BDS campaign sets sights on taking Fauda off the air
Calling on content streaming giant Netflix to 'nix Fauda,' BDS says Israeli-made thriller 'glorifies Israeli war crimes', influenced by creators' experiences in 'Israeli death squads'; 50 Hollywood executives pen open letter in support of Netflix, series, decry 'blatant attempt at artistic censorship.'
After focusing their efforts on convincing artists to abstain from performing in Israel, the Boycott, Divestment and Sanctions (BDS) movement has turned to television, inaugurating a campaign last week attempting to coerce content streaming platform Netflix to take Israeli thriller Fauda off the air.
Fauda is an Israeli-made television thriller set in the West Bank about an Israeli undercover agent who comes out of retirement to hunt for a Palestinian terrorist.
The show, which features dialog in both Hebrew and Arabic, was first broadcast on Israeli television in 2015 and premiered on Netflix in December 2016. Netflix is due to release the second season in May.
In a posting on its website last week, BDS called on Netflix to "nix Fauda," saying the series "glorifies the Israeli military's war crimes against the Palestinian people. The series' creators used their experiences in (the IDF's) Mista'arvim units, which are the occupation army's death squads."
"Failing to (remove Fauda) will open Netflix to nonviolent grassroots pressure and possible legal accountability," the posting added.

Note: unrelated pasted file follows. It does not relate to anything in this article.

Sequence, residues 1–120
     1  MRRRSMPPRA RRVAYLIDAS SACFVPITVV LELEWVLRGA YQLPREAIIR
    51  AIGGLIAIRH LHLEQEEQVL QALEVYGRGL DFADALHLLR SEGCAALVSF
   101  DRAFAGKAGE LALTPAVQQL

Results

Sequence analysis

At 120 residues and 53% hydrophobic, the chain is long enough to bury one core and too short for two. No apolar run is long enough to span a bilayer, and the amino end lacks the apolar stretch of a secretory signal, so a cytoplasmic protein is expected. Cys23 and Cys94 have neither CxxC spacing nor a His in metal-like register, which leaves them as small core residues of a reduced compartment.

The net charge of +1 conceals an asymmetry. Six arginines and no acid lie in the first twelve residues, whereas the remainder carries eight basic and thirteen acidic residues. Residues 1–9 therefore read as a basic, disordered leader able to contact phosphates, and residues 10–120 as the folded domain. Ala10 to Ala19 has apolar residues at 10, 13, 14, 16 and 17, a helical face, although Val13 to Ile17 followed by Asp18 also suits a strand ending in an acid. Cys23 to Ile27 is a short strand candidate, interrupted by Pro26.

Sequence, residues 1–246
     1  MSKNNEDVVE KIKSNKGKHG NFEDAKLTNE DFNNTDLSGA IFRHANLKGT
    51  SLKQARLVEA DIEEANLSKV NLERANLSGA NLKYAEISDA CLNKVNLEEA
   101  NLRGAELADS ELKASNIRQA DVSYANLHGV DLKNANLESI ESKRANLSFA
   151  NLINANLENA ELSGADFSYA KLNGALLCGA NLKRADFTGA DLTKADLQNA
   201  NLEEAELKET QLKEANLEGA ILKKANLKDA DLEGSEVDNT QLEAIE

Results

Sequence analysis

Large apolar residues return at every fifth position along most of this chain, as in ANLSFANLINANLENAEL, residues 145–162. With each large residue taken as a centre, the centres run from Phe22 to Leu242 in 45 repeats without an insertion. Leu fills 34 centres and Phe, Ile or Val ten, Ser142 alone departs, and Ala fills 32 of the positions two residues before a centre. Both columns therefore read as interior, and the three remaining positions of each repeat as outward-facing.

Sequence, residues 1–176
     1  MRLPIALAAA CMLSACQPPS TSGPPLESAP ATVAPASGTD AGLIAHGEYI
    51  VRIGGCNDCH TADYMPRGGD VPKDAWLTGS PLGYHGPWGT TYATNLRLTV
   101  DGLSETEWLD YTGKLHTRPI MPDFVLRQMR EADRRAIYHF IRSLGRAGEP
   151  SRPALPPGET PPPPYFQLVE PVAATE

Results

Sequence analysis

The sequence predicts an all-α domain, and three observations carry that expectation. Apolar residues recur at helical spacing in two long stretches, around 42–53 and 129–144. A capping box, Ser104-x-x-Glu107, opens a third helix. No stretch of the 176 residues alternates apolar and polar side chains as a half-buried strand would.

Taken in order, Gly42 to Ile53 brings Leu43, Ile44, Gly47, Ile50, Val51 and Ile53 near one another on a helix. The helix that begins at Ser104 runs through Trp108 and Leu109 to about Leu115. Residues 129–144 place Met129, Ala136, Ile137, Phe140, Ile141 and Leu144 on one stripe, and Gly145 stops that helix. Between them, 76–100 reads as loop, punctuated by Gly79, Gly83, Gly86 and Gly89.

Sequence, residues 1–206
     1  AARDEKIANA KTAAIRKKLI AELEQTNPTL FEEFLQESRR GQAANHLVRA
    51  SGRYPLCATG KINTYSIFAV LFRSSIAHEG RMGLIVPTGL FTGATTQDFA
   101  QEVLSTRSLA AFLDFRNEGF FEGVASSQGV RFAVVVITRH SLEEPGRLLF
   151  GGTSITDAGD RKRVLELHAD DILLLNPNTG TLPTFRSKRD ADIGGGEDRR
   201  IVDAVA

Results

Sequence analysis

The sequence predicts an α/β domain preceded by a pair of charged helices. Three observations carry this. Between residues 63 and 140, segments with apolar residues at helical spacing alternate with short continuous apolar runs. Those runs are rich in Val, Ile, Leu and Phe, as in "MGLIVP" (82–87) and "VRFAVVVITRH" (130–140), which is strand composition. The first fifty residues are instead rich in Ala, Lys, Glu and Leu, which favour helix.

Lior Raz, who created the series along with Avi Issacharoff and also has a starring turn, responded by saying, "The BDS movement interests us like yesterday's news. We will continue creating quality programs and bringing enjoyment to viewers around the world, and in the Arab world as well."
Fauda Co-creator Issacharoff wished to thank the BDS movement, "thanks to which the Palestinians that have yet to watch Fauda will now find a way to do so."
"I was speaking to a Gazan friend of mine," Issacharoff added, "who could not stop extolling the series' first season. He has not yet watched the second, because it isn't up on Netflix yet. It's unfortunate to see the BDS movement's efforts to damage Israeli creation, regardless of its content."
Raz offered concluding remarks, saying, "We'd like to thank (BDS) for the PR campaign for our show. I just received an email from a girl in Turkey who claimed she hated us Israelis until she watched Fauda, and after watching it could finally understand the conflict's complexity. She sent us her regards and wishes that we continue doing what we're doing."
Support for Netflix and the Israeli show also came from Hollywood, with more than 50 executives throwing their support behind the content streaming giant.
In a letter on Tuesday to Netflix chief content officer Ted Sarandos, the executives from record labels and Hollywood talent agencies called the move by the BDS movement a "blatant attempt at artistic censorship."
In its letter of support, the US-based Creative Community for Peace called Fauda a "nuanced portrayal of issues related to the Israeli/Palestinian conflict."
"We want you to know that we stand behind you and Netflix in the face of this blatant attempt at artistic censorship," the letter said. Signatories included Universal Music Publishing Group Chief Executive Jody Gerson, Geffen Records president Neil Jacobson and Steve Schnur, music president at videogame producer Electronic Arts.
The campaign against Fauda is the latest move since 2005 by BDS to promote a global cultural boycott against Israel.
Reuters contributed to this report.